It took the tender love of a child to literally change my mind, to remove the veil of hard-rock illusions, and to rock and roll me into unwavering acceptance, honesty, clarity and joy. I never saw Charlie again, despite my enthusiastic efforts to trace her. Yet through her exuberant fearless presence, this small child invited me to a new and juicier perspective, one that holds hope, humour, optimism and a wildness of spirit as its highest virtues. May she continue to coast through life as the true embodiment of an Easy Rider.

The CANSO Society is founded in her honor.


Monday, March 23, 2009

My dear friend, Reverend Juliet Nightingale, had a number of near-death experiences (NDEs) resulting from life-threatening illnesses she had endured since childhood. One of them occurred in the mid-70s while battling colon cancer, which caused her to lapse into a coma. These experiences, along with many out-of-body and spiritually transformative experiences (STEs), have had a profound and lasting effect on her life. Initially, however, she rarely spoke about them because of being grossly judged and misunderstood when she did. Later, she became a spokeswoman, who helped many people understand these types of experiences.

I met this lifelong mystic and seer from England when she was facilitating a near-death study group in Nashville. She wrote the foreword for my book, More Than Meets the Eye True Stories About Death, Dying, and Afterlife.

It was Juliet's calling to help others vocalize their spiritual experiences and find meaning in them. She spearheaded study groups such as her Ning group, offered personal help to others through her Web site Toward the Light, a hosted a weekly radio show on BBSRadio, and shared her near-death story to offer encouragement to all.

Even after she moved to the northeast, Juliet and I networked online for many years after. One such event was on Samhain (Halloween) in 2008. She was suffering and in pain during our interview, but never complained while she spoke about her NDEs and her involvement with the International Association for Near-Death Studies (IANDS). Soon after our interview, this dear woman entered hospice where her needs were met by her daughter--a woman as loving as Juliet.

I continued to keep in touch with Juliet's daughter when Juliet was no longer able to sit at the computer and type. She continued her radio show until January 25. One month later (Saturday, 28 February 2009), Reverend Juliet Nightingale passed into the spirit world and is no longer encumbered by a frail physical body. She is in the afterlife where her spirit continues to soar in freedom.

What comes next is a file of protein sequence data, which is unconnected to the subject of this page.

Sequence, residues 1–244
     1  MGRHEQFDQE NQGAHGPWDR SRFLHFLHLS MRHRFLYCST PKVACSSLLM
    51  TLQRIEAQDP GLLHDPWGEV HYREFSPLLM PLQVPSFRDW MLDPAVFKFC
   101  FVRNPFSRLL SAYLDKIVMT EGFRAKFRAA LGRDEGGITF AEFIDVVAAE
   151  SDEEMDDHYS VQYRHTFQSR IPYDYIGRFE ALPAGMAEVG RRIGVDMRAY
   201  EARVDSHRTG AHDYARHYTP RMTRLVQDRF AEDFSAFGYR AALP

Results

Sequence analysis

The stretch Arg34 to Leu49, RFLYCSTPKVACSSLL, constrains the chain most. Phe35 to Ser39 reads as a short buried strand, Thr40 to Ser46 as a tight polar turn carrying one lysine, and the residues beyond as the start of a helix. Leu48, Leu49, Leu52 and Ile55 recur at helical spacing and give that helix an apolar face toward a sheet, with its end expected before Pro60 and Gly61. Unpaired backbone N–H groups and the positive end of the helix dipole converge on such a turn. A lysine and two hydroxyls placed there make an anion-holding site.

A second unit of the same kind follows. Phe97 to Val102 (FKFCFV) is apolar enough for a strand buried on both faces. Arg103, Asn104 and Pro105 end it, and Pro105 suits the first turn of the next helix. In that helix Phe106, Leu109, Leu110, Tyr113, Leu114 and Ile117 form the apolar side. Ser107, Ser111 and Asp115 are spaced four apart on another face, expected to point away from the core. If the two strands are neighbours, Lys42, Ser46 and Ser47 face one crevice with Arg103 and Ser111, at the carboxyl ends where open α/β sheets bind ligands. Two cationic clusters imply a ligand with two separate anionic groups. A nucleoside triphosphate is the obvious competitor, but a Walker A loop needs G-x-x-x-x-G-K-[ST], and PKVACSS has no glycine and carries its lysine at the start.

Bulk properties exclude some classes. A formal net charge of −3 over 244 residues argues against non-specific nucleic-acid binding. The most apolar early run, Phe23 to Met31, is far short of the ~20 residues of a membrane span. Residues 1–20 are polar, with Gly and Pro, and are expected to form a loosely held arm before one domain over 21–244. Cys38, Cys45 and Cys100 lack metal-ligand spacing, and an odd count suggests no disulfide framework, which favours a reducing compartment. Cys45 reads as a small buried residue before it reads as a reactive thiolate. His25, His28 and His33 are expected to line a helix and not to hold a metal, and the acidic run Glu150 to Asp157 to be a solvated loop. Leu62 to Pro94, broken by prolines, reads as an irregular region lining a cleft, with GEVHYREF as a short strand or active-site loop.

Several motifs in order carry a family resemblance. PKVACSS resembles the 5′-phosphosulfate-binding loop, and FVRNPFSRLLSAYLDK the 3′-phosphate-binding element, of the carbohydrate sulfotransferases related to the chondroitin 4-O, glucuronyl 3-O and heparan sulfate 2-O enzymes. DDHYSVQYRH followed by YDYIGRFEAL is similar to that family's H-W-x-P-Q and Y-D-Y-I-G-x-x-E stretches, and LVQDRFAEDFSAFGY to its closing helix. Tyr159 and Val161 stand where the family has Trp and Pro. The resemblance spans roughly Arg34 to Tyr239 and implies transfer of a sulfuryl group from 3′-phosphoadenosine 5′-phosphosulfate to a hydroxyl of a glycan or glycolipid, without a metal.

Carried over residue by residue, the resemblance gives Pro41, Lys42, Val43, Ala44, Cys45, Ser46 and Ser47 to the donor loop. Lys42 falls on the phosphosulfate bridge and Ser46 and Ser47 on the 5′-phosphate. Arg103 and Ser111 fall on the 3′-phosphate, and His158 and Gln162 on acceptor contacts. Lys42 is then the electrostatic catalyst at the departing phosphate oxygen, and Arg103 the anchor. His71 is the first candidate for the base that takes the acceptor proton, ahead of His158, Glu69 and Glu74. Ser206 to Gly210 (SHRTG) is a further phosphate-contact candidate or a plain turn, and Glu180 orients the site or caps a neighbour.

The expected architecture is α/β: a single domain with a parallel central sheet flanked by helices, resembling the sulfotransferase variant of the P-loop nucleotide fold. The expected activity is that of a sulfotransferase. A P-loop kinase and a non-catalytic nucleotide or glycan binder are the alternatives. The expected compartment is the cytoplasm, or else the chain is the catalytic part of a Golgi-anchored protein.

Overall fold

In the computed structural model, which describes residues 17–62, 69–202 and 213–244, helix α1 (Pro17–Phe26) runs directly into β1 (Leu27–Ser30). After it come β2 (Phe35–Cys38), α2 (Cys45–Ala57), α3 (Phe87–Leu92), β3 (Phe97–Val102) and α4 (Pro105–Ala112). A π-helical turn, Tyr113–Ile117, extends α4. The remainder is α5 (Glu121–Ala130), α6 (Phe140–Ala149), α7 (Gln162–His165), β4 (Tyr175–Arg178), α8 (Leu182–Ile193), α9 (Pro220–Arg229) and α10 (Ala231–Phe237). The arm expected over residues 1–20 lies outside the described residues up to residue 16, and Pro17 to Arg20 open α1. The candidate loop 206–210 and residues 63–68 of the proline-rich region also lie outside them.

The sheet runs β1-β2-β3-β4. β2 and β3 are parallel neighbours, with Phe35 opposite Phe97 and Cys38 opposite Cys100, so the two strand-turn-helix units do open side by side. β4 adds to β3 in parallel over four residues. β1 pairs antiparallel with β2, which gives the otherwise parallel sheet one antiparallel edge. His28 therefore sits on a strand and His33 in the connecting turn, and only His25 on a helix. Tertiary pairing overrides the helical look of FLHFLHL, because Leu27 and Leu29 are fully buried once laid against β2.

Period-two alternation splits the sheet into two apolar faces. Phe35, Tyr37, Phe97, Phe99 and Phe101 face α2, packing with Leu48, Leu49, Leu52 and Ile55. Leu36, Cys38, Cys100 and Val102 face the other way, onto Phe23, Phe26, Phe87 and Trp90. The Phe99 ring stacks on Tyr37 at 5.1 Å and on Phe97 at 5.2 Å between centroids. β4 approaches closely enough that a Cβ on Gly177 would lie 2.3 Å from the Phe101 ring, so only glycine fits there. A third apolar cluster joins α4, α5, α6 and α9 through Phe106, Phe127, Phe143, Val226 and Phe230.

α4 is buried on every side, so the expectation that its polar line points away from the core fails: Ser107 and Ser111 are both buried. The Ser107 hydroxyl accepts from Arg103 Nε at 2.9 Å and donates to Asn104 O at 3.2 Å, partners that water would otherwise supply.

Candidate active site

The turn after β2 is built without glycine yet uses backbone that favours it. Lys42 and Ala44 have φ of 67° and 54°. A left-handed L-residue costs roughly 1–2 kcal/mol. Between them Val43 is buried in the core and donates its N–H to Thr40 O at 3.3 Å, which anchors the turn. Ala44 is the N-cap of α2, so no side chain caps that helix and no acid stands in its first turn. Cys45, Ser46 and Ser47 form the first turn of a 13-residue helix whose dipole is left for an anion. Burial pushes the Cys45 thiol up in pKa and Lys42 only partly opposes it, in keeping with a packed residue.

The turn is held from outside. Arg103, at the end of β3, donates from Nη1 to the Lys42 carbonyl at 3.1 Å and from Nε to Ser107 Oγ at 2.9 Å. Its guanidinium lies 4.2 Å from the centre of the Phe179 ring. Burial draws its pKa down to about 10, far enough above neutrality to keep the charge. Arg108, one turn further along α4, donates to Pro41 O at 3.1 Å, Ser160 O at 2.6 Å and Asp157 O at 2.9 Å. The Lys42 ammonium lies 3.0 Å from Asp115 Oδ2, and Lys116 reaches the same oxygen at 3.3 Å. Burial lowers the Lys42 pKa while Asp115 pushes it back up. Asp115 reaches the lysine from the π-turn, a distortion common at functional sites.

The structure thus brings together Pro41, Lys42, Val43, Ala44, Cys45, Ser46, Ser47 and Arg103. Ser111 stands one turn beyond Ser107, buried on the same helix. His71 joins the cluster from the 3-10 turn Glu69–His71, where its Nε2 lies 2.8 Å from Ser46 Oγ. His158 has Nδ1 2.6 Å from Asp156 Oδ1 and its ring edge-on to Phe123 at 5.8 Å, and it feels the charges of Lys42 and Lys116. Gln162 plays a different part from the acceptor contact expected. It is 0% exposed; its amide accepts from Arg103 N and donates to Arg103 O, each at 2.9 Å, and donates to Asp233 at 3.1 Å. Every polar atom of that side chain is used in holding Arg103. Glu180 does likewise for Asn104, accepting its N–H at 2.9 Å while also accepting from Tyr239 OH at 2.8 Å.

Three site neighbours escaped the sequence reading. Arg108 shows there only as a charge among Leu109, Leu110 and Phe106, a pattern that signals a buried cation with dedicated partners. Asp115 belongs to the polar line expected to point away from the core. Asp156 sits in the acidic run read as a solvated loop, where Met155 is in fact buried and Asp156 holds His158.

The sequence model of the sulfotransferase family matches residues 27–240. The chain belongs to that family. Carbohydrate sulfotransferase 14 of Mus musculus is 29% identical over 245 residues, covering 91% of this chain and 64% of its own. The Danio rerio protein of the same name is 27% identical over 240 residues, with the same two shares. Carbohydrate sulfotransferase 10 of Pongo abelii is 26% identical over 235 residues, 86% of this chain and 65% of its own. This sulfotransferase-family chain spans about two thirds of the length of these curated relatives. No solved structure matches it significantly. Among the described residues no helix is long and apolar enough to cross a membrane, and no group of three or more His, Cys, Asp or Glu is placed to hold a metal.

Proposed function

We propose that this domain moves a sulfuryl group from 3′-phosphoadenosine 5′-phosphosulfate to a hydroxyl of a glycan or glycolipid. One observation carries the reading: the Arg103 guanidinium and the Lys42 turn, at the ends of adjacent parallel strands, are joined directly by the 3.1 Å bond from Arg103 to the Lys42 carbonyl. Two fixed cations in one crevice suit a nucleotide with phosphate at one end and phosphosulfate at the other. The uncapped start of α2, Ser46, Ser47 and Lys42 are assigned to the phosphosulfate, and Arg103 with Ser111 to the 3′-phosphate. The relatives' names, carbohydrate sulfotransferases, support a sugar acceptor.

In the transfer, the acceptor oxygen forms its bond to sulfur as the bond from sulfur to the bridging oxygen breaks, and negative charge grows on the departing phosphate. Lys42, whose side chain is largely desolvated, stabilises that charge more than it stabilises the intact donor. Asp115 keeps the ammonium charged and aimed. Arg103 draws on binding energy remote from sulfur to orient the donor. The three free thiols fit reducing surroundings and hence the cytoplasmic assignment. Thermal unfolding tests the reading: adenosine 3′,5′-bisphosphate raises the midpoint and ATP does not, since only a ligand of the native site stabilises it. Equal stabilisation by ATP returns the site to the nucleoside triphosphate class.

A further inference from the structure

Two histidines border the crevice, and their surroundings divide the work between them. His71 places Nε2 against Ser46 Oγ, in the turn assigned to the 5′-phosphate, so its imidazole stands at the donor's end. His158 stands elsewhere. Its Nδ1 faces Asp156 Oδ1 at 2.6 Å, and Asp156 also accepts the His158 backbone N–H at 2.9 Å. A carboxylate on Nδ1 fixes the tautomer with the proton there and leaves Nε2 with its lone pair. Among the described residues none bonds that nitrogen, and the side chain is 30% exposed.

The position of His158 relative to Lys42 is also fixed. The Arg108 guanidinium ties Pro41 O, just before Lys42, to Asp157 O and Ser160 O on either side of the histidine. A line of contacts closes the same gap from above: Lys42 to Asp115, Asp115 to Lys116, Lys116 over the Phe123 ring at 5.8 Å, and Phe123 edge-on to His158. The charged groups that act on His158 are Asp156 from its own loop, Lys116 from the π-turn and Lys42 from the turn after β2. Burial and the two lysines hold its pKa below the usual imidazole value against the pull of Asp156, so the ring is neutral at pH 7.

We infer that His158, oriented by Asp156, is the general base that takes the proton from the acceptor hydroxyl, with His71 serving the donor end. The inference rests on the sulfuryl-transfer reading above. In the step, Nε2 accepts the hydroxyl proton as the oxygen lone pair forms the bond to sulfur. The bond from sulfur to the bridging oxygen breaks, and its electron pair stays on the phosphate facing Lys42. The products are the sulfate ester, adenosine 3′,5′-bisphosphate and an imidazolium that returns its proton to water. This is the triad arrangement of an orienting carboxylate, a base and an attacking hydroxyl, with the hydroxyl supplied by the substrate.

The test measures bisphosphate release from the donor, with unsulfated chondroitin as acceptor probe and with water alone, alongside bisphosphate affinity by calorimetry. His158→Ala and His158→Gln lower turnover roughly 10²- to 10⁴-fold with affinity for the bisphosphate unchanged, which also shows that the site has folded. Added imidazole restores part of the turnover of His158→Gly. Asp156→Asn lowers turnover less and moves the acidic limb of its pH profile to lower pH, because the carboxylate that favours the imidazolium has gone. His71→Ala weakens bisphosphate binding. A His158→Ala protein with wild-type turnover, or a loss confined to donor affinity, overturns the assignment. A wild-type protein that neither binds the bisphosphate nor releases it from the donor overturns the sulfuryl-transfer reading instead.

I can still hear her say, "All there is is love, and love is everywhere!"

For more information, you might enjoy reading the complete book More Than Meets the Eye True Stories about Death, Dying, and Afterlife available on

Sunday, March 22, 2009

Chapter One: Fear of the Unknown

Screaming, moaning, groaning, and sorrowful sobs could be heard from the medical intensive care unit of Vanderbilt University Medical Center all the way down the corridor on the seventh floor. The ventilator had just been turned off for a young woman who was dying of AIDS. The woman never took a breath once the support was removed. She passed immediately and without a struggle. However, the family completely fell apart emotionally and were not prepared to accept the passing of their loved one with any amount of understanding or peace. In contrast, Terry Emge shares her story:

Upon arrival, I found Mother in her chair. Her respirations were agonal, her pupils were fixed and dilated and she had a strong steady pulse. I asked my grandmother, who was ninety-one, what had happened and she said, “Virginia grabbed the back of her head and said, ‘Get Terry.’ Those were the last words she spoke.

Despite my efforts at resuscitation and my medical background (I am an RN, CRNFA for a busy cardiac surgical practice), I knew in my heart that she had come to the end of her life on earth.

A definitive diagnosis was made by CT scan. She had suffered a massive hemorrhagic stroke. Our options were to temporarily monitor her in ICU on a ventilator or make a decision to withdraw life support. Her chances of survival were minimal at best.

After a discussion with her physicians and caregivers, it was decided to withdraw life support. During all of this, my mother’s condition remained unchanged—fixed, dilated pupils, strong pulse, and normal blood pressure. Her ventilator was disconnected and her pulse and blood pressure remained stable.

The hospital chaplain student that was with me, my husband and best friend, Diane said to me, “Sometimes you have to tell them it’s okay to go.” As I was holding my mother’s hand, I kissed her, told her that I loved her and that I would take care of Mom-Mom and for her to go to the Light. Within five minutes, her pulse and blood pressure slowed and her spirit went to be with God.